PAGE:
Rumsfeld and Wolfowitz lobbied Clinton in '98 to
start Iraq war and topple Saddam
By Jason Leopold
Online Journal Contributing Writer
20, 2003—Defense Secretary Donald Rumsfield and Deputy Secretary Paul
Wolfowitzundertook a full-fledged
lobbying campaign in 1998to get former President Bill Clinton to start
a war with Iraq and topple Saddam Hussein's regime, claiming that the
country posed a threat to the United States, according
to documents obtained from a former Clinton aide.
new information begs the question: what is reallydriving the Bush
administration's desire to start a war with Iraq
iftwo of Bush's future top defense officials were already planting the
seeds for an attack five years ago?
1998, Rumsfield and Wolfowitz were working in the private sector. Both
were involved with the right-wing think tank
Project for a New American Century, which was established in 1997 by
William Kristol, editor of the Weekly Standard, to promote global
leadership and dictate American foreign policy.
Clinton was dealing with the worldwide threat from al Qaeda and Osama
Bin Laden, Rumsfield and Wolfowitz wrote to
Clinton urging him to use military force against Iraq and remove
Hussein from power, because the country posed a threat to the United
States due to its alleged ability to develop weapons of mass
destruction. The Jan 26, 1998, letter sent to Clinton from the Project
for the New American Century said a war with Iraq should be initiated
even if the United States could not muster support from its
allies in the United Nations. Kristol also signed the letter.
are writing you because we are convinced that current American policy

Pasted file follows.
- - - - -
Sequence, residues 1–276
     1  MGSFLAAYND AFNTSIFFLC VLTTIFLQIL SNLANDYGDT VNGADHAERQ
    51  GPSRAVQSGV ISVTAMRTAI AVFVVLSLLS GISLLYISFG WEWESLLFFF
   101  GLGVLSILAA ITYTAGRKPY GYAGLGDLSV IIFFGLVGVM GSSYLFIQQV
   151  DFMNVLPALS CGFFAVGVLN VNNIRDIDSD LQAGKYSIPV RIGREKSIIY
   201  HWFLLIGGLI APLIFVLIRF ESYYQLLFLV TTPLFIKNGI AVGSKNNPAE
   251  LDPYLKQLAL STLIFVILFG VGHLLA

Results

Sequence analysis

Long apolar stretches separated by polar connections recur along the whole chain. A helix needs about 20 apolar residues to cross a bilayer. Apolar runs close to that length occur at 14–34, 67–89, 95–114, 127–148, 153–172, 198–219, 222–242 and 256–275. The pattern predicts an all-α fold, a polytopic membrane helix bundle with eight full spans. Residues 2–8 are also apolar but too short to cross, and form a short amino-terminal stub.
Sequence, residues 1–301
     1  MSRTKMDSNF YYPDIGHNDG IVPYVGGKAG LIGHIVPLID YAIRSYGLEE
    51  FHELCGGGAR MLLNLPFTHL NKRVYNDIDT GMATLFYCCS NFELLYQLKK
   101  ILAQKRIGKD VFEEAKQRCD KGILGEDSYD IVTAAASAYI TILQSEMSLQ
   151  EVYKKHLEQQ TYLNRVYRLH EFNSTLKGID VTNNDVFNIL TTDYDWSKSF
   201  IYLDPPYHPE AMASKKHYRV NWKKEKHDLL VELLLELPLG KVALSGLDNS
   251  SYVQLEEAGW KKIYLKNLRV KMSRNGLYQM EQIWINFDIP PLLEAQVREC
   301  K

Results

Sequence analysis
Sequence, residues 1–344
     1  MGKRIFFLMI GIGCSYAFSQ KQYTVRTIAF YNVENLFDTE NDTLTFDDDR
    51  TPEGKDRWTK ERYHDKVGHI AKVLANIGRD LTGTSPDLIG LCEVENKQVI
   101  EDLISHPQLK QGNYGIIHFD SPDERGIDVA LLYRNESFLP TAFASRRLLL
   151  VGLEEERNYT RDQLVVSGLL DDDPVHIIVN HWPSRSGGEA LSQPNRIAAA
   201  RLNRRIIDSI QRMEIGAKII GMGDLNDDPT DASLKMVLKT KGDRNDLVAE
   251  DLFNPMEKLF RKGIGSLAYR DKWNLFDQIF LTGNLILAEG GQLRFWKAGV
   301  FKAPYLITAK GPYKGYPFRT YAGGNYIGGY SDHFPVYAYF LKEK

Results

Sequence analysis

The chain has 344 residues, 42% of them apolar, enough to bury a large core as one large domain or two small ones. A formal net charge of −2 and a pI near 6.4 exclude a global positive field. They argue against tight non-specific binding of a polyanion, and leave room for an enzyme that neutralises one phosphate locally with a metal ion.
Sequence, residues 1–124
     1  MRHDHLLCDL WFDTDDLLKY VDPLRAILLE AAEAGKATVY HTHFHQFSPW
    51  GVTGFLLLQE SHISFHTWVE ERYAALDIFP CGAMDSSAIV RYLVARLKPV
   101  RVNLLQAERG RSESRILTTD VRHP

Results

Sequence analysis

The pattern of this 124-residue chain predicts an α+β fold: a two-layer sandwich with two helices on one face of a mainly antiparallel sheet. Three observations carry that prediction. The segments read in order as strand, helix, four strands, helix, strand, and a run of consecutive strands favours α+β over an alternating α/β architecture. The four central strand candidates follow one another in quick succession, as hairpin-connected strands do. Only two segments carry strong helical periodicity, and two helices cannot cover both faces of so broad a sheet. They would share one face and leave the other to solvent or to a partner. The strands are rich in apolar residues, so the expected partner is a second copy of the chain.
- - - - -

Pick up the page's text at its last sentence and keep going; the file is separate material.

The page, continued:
toward Iraq is not succeeding, and that we may soon
face a threat in the Middle East more serious than any we have known
since the end of the Cold War," says the letter. "In your upcoming
State of the Union Address, you have an opportunity to chart a
clear and determined course for meeting this threat. We urge you to
seize that opportunity, and to enunciate a new strategy that would
secure the interests of the U.S. and our friends and allies around
the world. That strategy should aim, above all, at the removal of
Saddam Hussein's regime from power."
urge you to turn your Administration's attention to implementing a
strategy for removing Saddam's regime from power. This
will require a full complement of diplomatic, political and military
efforts. Although we are fully aware of the dangers and difficulties in
implementing this policy, we believe the dangers of failing to
do so are far greater. We believe the U.S. has the authority under
existing UN resolutions to take the necessary steps, including military